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Girlpower Gets Glaxo

Girlpower Gets Glaxo

By Emma Norman

The international pharmaceutical giants GlaxoSmithKline (GSK) is being taken to court for false advertising based on the scientific say-so of a pair of schoolgirls.

The 14-year-olds had decided to test GSK’s claim that “the blackcurrants in Ribena have four times the vitamin C of oranges”. The simple experiment they conducted obliterated GSK’s assertions by proving that Ribena contained virtually no trace of vitamin C. Other brands of orange drinks actually contained almost four times more.

The budding scientists took their claim to the New Zealand Commerce Commission and now GSK are about to face 15 charges of misleading advertising and potential fines of NZ$3 million (US$2.1 million). Now that’s real girl power!



Inspired by this David and Goliath story, we teamed up with renowned scientist Dr Arthur Goldsmith of the University of Bristol with the aim of foiling more fibbing vitamin-C-claiming multi-nationals.

Method (this is easy and you can get in on the act as well):

  • Get hold of some weak starch solution and iodine.
  • Put 5ml of the starch solution into a beaker and add a couple of drops of iodine using a pipette. The solution should go a nice dark colour.
  • With a clean pipette take a sample of a drink that you believe might contain vitamin C, such as orange juice or 5 Alive tropical drink.
  • Drop by drop add the drink to the starch/iodine mixture.
  • Remember to count the number of drops you’ve added. Eventually you will see the dark colour begin to disappear.
  • Add enough drops until the dark colour has completely disappeared.
  • This gives you a measure of how much vitamin C was in the drink – the more vitamin C there is then the fewer drops of drink you will need to add to the mixture to get rid of the colouration.
  • If you repeat the procedure with a number of different drinks then you can compare which drinks have more vitamin C than others.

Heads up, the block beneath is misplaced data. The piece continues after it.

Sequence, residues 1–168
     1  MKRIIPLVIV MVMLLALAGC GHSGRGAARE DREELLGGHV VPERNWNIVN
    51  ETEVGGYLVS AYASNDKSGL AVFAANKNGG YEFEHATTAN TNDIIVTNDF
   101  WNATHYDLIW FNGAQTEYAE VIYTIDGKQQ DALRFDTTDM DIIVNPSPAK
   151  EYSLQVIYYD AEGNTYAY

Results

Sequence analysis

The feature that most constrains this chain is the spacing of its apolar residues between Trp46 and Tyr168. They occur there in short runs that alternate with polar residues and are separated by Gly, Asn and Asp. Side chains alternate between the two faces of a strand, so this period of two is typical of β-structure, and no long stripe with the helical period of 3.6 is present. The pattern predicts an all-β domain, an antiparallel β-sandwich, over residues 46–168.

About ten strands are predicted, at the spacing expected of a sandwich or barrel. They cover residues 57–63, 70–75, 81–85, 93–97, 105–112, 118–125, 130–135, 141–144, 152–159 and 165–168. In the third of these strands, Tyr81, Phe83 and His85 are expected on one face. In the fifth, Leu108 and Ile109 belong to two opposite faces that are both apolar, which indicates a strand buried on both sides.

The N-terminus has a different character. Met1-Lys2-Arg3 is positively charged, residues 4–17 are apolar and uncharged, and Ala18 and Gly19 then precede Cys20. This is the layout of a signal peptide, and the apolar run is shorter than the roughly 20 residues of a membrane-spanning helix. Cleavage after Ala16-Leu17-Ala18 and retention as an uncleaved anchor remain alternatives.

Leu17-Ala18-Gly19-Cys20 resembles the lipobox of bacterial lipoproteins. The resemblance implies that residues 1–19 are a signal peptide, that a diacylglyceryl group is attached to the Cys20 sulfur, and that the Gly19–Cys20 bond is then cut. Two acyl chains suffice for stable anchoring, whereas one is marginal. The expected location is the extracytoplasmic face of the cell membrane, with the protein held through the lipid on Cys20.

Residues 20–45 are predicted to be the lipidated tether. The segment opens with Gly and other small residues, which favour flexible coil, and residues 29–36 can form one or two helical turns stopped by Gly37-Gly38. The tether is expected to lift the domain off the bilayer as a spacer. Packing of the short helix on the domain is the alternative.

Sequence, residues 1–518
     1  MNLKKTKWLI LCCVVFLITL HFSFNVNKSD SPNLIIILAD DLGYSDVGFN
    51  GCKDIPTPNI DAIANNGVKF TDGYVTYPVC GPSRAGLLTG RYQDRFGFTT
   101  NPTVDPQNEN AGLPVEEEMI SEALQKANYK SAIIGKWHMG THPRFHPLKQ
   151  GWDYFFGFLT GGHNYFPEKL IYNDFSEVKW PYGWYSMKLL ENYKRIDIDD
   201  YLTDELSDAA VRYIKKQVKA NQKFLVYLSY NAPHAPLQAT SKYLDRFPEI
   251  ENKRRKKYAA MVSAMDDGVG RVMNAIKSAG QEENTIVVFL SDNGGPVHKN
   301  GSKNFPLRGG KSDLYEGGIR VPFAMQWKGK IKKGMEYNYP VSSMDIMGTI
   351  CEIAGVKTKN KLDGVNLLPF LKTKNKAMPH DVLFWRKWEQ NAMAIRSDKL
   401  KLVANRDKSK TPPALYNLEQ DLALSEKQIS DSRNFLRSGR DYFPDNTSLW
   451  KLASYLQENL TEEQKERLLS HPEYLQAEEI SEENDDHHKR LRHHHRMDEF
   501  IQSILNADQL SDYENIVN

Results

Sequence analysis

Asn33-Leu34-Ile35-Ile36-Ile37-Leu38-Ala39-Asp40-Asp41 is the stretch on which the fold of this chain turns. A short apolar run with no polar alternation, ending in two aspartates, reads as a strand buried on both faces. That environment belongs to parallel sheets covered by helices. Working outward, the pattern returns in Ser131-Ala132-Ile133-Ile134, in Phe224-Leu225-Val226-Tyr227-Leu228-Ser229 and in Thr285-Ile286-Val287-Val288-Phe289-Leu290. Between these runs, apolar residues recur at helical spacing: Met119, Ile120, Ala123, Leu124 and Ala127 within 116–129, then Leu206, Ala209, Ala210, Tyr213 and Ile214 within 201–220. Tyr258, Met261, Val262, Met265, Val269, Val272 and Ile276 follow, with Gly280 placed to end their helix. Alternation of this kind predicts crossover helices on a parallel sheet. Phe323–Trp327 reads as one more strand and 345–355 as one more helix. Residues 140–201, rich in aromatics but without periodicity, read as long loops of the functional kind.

• We tried 12 different drinks that all purported to contain vitamin C (except the milk, but we thought it might contain it anyway):
  • Then we compared the amount of vitamin C that each of the drinks claimed to have with the number of drops of drink it took to make the iodine colour disappear.

Results:

Annoyingly it seems that none of the companies we tested were telling lies. The relationship between number of drops it took to get rid of the colour was very obviously related to the amount of vitamin C that the drinks claimed to have. Even Ribena has the audacity to have the right amount of Vit C in it these days.  (Table of results)

In fact using this data we were able to estimate the amount of vitamin C that is present in 100ml of the drinks we didn’t know already.  (Graph of results)

Fresh orange juice = 20mg
Conc. lemon juice = 44mg
Milk = 7mg


Conclusions:

So what have we learned from all this? Glaxo have stopped lying, chemistry isn’t as hard as we thought and you never know what you might find in lab cupboards.


Thanks to Dr Arthur Goldsmith for invaluable assistance.  If you liked this then check out our other strange research:

Girl's humour is sicker than men's
Magenta isn't a colour
Global warming solved

Title image: Jyn Meyer

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29 Aug 2009
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